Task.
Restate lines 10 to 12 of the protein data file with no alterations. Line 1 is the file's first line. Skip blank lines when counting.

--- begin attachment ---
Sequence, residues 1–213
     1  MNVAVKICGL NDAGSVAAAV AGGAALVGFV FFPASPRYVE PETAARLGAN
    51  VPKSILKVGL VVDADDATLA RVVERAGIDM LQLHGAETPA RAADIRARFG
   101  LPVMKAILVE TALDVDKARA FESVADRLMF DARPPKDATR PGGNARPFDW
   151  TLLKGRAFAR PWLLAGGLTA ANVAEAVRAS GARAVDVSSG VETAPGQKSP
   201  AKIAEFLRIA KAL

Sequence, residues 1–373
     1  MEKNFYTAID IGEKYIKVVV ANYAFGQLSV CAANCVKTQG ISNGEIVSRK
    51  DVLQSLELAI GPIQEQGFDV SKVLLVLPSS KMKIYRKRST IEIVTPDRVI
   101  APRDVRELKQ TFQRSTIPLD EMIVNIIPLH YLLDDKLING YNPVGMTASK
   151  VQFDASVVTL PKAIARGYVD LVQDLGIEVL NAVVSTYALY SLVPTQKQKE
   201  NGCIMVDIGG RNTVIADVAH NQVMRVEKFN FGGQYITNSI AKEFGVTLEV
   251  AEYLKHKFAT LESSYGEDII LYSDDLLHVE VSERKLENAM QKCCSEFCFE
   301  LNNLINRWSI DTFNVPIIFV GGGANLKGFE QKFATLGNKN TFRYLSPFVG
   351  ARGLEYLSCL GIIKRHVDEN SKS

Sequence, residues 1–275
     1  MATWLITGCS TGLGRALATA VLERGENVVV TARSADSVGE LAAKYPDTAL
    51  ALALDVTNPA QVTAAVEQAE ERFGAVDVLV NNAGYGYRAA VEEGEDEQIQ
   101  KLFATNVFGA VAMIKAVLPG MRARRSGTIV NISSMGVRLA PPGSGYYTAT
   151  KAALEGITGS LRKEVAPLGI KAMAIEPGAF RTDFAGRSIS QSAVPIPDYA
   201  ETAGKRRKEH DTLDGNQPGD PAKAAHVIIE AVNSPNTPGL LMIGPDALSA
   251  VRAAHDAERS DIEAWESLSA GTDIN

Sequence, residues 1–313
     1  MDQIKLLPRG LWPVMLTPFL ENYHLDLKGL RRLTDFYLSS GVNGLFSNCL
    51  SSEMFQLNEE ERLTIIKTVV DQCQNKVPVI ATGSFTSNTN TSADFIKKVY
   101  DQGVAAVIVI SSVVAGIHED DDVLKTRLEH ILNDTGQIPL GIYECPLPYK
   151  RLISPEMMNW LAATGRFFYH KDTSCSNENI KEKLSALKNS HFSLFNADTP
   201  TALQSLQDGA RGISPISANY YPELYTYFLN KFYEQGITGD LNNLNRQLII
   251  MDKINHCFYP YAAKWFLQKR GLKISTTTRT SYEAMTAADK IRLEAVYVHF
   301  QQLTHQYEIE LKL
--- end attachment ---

   101  APRDVRELKQ TFQRSTIPLD EMIVNIIPLH YLLDDKLING YNPVGMTASK
   151  VQFDASVVTL PKAIARGYVD LVQDLGIEVL NAVVSTYALY SLVPTQKQKE
   201  NGCIMVDIGG RNTVIADVAH NQVMRVEKFN FGGQYITNSI AKEFGVTLEV